4 ‘Revealing the costs of air pollution from industrial facilities in Europe’, November 2011, 5 6


of significant quantities of sulphur dioxide, carbon monoxide, carbon dioxide, nitrogen oxides, small particles, as well as residual water discharge.7

According to the EEA, air pollution emissions from Romanian industrial facilities caused in 2009 total health and other external costs of 4,7-10,3 billion euro. The power and heat sector was responsible for 80% of the damages, and the Rovinari, Turceni and Craiova complex alone caused 1.7-3.9 billion euros in damages.8

Figures for Romania show that cleaner air resulting from the achievement of a higher European target in GHG emissions reduction (30% by 2020) would result in public health benefits of between 471 million euro and 1,358 million euro per year from 2020.9 Economists have been developing methodologies for the last few decades to quantify in monetary terms the so-called “externalities”. An externality is a cost or benefit of an economic activity that is not borne by the actors responsible for the activity and therefore not reflected in market prices. Examples include impact of polluting power plant on health and the environment (negative externality) and the beneficial impacts of a positive externality (planting a tree in front of your house, it brings benefits of less pollution and less noise for others). The main externality caused by air pollution is loss of human life. Greenpeace believes that human life has an inherent value that cannot be measured in monetary terms, and therefore it is important to discuss the external costs also in terms of the number of deaths. However, monetary valuation enables us to compare energy choices to other ways of protecting human life, and often shows that investment in cleaner sources of energy is a very cost-efficient way to improve health and life expectancy. The valuation used in this study is the EEA “value of statistical life” (VSL) method, which places a cost of two million euros on each avoidable death.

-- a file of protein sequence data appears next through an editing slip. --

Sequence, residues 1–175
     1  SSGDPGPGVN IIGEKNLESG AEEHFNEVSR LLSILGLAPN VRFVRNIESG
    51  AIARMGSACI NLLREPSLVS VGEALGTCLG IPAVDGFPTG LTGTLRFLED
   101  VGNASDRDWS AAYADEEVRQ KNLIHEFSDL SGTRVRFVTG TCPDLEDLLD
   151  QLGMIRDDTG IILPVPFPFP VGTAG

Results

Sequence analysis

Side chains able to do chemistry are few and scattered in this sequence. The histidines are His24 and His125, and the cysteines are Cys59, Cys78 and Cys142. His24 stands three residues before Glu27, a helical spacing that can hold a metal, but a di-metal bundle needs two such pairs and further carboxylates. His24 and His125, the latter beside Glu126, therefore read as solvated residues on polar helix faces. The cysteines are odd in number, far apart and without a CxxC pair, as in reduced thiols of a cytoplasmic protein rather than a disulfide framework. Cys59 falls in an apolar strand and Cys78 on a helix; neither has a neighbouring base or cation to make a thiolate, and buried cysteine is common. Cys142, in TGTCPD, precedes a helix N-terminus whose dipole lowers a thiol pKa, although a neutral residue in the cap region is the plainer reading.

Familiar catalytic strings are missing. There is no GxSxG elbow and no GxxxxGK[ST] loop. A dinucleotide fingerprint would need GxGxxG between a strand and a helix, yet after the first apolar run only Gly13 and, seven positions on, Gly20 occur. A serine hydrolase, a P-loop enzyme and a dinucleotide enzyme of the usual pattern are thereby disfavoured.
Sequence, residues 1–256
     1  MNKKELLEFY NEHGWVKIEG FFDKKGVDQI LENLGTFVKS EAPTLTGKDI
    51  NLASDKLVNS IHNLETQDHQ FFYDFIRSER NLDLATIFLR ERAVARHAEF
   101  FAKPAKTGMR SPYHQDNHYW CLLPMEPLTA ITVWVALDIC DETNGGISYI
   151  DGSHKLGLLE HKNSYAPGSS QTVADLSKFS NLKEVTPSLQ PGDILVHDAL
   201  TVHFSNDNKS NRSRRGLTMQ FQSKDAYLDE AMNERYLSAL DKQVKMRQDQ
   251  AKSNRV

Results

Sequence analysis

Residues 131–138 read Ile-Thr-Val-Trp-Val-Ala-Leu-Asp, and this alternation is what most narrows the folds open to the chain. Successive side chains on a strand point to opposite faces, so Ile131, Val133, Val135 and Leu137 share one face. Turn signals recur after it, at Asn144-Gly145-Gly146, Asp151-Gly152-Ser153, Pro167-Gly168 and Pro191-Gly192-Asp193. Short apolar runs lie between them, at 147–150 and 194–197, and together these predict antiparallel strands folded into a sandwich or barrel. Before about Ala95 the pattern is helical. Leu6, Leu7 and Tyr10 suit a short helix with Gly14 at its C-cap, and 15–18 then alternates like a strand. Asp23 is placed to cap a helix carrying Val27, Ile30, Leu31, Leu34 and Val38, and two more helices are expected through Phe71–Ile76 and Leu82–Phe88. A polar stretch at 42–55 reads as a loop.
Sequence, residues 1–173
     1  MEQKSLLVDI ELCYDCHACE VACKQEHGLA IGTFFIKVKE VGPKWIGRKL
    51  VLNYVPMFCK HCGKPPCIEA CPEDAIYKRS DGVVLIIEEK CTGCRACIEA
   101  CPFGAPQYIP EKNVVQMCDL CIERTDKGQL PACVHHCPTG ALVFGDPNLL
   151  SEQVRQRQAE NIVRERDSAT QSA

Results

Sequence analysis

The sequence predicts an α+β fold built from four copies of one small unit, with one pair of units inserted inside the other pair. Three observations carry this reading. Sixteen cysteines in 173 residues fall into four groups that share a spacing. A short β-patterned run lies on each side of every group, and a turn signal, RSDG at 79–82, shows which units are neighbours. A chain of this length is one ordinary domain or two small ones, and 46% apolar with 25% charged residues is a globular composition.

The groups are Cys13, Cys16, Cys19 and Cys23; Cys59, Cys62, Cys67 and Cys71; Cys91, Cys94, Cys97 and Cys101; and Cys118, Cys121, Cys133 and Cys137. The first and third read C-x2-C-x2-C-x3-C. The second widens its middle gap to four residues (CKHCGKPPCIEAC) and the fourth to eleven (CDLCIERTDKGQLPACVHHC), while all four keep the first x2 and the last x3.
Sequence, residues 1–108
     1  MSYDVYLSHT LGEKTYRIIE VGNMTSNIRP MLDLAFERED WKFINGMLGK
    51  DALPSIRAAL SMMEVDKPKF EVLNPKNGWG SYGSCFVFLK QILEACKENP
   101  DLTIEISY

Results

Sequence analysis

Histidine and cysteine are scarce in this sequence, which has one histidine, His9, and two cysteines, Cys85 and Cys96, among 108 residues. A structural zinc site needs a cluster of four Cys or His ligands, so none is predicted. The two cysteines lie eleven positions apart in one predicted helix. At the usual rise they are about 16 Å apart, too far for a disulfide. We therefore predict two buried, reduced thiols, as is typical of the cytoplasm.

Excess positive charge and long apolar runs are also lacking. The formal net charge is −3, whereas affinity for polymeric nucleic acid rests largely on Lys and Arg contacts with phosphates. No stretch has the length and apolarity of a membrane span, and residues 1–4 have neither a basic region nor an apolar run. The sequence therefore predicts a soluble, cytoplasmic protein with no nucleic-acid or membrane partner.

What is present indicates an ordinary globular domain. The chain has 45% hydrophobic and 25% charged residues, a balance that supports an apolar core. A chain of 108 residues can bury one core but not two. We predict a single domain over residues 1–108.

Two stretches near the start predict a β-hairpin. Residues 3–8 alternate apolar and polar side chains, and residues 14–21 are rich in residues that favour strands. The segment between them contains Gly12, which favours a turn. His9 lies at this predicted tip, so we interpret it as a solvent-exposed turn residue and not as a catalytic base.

© Greenpeace/Liu Feiyue

© Greenpeace/Ionuţ Cepraga

This report focuses only on the impact of the process of burning coal to produce electricity, however the damage doesn’t start and finish with the emissions caused during the very

7 ‘The Annual Report on the State of the Environment in Romania’, 2008, page 278,


8 Datasheet – Revealing the costs of air pollution from industrial facilities in Europe, November 2011 “Power and heat sector” refers to the Main activity category “Energy - Thermal power stations and other combustion installations” in the E-PRTR classification. 9 ‘Climate report: How Romania could improve health and save money’ December 2010

combustions. The entire process – or chain of custody – from mining, long transport and handling and storing the coal, through combustion to waste disposal, and in some cases re-cultivation, has a direct impact on the environment, human health and the social fabric of communities living (not only) near mines. It severely disrupts ecosystems and contaminates water supplies. It emits other greenhouse gases like nitrogen oxide and methane from waste sites. Mining and combustion consume and pollute huge amounts of water – energy from coal is the most water demanding from all energy sources.

Impact of Burning Coal on people’s health

Hazardous air pollutants emitted to the atmosphere by coal-fired power plants cause a wide range of adverse health effects. As has been described e.g. by the World Health Organization10, European Environmental Agency or by Physicians for Social Responsibility11, the adverse effects include damage to eyes, skin and breathing passages, negative effects on the kidneys, lungs, and nervous system; increasing the risk of cancer; stroke; lower respiratory tract disease and asthma; adversely affect normal lung development in children; and pulmonary and cardiovascular disease. It interferes with lung development, and increases the risk of heart attacks and some neurological diseases.

© Greenpeace/Ionuţ Cepraga

© Greenpeace/Bogdan Grecescu

Some of the air pollutants are included in the EEA analysis, which quantifies their effect on human health, buildings and crops.12 The vast majority of the damage costs estimated by the methodology stems from the loss of human life due to air pollution, and from the damages caused by climate change.